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Day One: Introduction to Go
[2]How to play (simple rules)

· If you play on an intersection, basically you can play anywhere you want to.
· You are free to play where you want to, but, of course, the values of the points differ. If you come to understand the differences, that means that you have made considerable progress.
· At first, you may be confused about where to play, but basically you can play anywhere. As you can see in Dia. 2, the players take turns to play. You can play anywhere, but the development in this diagram might be played by professionals.

Dia. 2
· You could also play as in Dia. 3, but professionals and strong players would never play like this. You'll come to understand the reasons gradually, but let's give some simple reasons. The most unnatural move here is White 4. Places like this on the edge of the board are usually low in value, so they are rarely played at an early stage of the game. Black 9 is also funny. Black has stones at 3 and 7, but linking them up immediately with 9 is inefficient. You may not completely understand the meaning of this yet, but there's no need to worry. You will understand little by little. If you just vaguely remember that 'it's better not to play on the edge at the beginning' and 'lining up stones in a row is inefficient', that's good enough.
· The only thing is that there are lots of exceptions in Go. A move may have low value now, but when the game progresses and the shape changes, such a move may become the most important point. There are many proverbs and sayings expressing common sense that are useful in acquiring the knack of playing Go, but don't forget that nothing is absolute. Values change according to the time and place, so you have to be flexible. That's one of the features of the game and what makes it interesting.

Dia. 3
· (Application) Let's have a look at Dia. 4. Which side is playing better, Black or White? Detailed reasons are not yet necessary. How does it feel to you? Doesn't Black's position feel like a comfortable one? In contrast, White is biased towards one area on the edge of the board. In Go, it's important to play in a free and relaxed way, so Black's play is better. With 1 to 5, Black occupies different areas, and he is using the Go board freely. However, with 2 to 10, White's stones are all focused on one area, and in that area he's playing just on the edge. His position feels cramped and far from relaxed. If you can just vaguely understand this feeling, that's good enough. You learn many aspects of Go intuitively.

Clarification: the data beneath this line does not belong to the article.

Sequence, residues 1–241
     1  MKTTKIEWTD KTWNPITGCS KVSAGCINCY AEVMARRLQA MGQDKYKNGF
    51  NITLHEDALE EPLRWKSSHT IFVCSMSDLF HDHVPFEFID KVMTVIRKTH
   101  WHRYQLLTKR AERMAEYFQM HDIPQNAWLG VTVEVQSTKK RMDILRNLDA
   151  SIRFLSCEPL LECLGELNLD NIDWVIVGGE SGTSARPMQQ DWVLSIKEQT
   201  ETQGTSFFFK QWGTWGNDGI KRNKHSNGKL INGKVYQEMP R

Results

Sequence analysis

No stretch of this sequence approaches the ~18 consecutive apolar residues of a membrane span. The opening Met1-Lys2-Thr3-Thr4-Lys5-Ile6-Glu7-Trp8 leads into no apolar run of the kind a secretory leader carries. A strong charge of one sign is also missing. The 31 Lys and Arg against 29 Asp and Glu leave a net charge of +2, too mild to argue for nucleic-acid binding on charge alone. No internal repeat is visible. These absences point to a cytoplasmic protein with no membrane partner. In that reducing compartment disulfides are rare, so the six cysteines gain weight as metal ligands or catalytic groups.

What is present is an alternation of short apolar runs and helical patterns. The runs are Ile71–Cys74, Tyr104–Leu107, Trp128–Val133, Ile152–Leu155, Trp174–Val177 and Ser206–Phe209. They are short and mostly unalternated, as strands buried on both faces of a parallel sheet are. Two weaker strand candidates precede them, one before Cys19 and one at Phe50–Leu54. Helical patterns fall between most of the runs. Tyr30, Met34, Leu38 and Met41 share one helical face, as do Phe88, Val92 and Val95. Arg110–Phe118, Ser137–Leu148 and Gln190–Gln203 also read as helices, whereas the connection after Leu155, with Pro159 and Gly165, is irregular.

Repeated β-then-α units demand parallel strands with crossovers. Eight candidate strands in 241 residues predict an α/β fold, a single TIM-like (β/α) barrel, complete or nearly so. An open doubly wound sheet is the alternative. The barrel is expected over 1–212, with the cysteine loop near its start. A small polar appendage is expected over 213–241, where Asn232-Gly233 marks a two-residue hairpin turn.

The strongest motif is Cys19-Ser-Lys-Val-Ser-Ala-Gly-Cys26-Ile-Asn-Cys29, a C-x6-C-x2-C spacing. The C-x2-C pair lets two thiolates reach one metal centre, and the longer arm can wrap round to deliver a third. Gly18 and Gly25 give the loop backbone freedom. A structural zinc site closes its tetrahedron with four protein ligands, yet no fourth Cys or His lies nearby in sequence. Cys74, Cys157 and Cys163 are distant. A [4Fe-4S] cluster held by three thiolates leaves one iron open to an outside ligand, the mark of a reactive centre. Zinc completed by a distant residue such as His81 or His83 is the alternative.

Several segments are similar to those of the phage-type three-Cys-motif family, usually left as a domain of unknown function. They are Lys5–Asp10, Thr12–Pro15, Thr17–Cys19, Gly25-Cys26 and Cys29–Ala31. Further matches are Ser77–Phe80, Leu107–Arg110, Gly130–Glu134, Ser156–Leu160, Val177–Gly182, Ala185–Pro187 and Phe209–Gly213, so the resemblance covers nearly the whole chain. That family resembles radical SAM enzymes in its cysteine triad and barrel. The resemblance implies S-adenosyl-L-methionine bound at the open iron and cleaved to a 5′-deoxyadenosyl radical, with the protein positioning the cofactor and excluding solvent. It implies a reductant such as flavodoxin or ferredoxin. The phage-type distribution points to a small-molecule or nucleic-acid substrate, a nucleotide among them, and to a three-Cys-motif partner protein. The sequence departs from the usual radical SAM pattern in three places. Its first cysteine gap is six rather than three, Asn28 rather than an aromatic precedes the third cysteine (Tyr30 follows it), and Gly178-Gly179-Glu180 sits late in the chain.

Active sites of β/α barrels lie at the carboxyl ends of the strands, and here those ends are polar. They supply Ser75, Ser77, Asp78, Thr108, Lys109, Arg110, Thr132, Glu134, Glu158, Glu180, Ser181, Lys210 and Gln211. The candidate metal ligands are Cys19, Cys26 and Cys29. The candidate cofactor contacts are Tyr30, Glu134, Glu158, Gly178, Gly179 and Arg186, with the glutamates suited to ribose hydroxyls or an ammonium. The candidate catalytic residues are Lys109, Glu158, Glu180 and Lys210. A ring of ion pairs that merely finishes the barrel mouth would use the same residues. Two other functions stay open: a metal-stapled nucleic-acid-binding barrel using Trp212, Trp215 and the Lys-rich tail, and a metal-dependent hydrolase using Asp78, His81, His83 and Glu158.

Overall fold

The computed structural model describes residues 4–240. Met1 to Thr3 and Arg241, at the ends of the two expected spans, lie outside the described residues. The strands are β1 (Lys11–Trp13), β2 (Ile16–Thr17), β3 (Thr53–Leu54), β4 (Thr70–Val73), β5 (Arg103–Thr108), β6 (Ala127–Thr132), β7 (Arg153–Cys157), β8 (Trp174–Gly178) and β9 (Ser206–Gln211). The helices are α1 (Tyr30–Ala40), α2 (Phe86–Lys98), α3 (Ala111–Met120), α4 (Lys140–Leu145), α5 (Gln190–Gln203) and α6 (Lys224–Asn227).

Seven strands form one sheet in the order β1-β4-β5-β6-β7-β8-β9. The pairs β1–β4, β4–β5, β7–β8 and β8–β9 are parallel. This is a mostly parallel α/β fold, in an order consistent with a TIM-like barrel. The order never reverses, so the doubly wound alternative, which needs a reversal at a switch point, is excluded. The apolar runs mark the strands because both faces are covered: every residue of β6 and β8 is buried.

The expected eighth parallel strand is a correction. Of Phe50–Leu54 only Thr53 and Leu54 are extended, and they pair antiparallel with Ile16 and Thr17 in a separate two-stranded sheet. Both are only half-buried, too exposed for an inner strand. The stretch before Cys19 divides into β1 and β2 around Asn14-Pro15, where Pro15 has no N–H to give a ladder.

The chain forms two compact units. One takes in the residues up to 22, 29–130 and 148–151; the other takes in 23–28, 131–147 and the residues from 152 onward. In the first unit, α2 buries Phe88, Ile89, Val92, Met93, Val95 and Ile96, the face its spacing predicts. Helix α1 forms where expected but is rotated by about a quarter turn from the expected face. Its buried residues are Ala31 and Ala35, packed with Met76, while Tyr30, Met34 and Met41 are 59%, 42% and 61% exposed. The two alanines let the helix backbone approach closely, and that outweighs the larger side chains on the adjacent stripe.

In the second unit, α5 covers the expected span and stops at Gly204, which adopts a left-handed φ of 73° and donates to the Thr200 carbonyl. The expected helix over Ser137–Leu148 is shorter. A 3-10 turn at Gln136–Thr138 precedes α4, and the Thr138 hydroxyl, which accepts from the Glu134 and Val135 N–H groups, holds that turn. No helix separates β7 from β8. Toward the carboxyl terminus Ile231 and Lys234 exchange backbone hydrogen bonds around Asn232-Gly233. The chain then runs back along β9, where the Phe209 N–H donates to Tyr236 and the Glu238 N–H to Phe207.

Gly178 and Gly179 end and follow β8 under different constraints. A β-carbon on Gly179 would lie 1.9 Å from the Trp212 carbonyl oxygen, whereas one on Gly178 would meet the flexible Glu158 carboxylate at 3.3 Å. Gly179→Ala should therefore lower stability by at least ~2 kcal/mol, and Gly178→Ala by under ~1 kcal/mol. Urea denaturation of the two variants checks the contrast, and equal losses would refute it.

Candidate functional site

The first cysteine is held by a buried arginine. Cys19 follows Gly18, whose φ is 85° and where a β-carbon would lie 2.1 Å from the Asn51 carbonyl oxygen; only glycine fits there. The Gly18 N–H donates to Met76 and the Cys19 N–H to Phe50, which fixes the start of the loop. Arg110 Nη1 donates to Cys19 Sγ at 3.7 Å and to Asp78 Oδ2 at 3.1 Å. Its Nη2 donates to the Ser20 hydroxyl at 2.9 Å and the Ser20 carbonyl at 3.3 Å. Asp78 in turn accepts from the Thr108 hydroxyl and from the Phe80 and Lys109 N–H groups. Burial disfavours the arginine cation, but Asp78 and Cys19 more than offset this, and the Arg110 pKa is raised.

Dia. 4
· The Go board has 19 horizontal and 19 vertical lines, but a 9x9 board is easier for beginners. In this text, we will mainly use a 9x9 board.
· The way you play doesn't change on a 9x9 board: it's the same game. In Dia. 5, Black plays first. In texts, the stones are often numbered so that we know the order in which the moves were played. If the play continues in a new diagram, there will be a message:'go to the next diagram'.

Dia. 5
Dia. 6 continues from Dia. 5. The stones played in Dia. 5 are shown here just as black and white stones, and the next moves are shown as Black 1 and White 2. The advantage of this is that we don't have to use big numbers, so the diagram is simpler. This method might confuse you at first, but you will get used to it as you go along.
Dia. 6
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Day One: Introduction to Go
[1]The contents of the game [2]How to play [3]The criterion for winning and losing
[4]Capturing stones [5]Distinguishing between black and white territory
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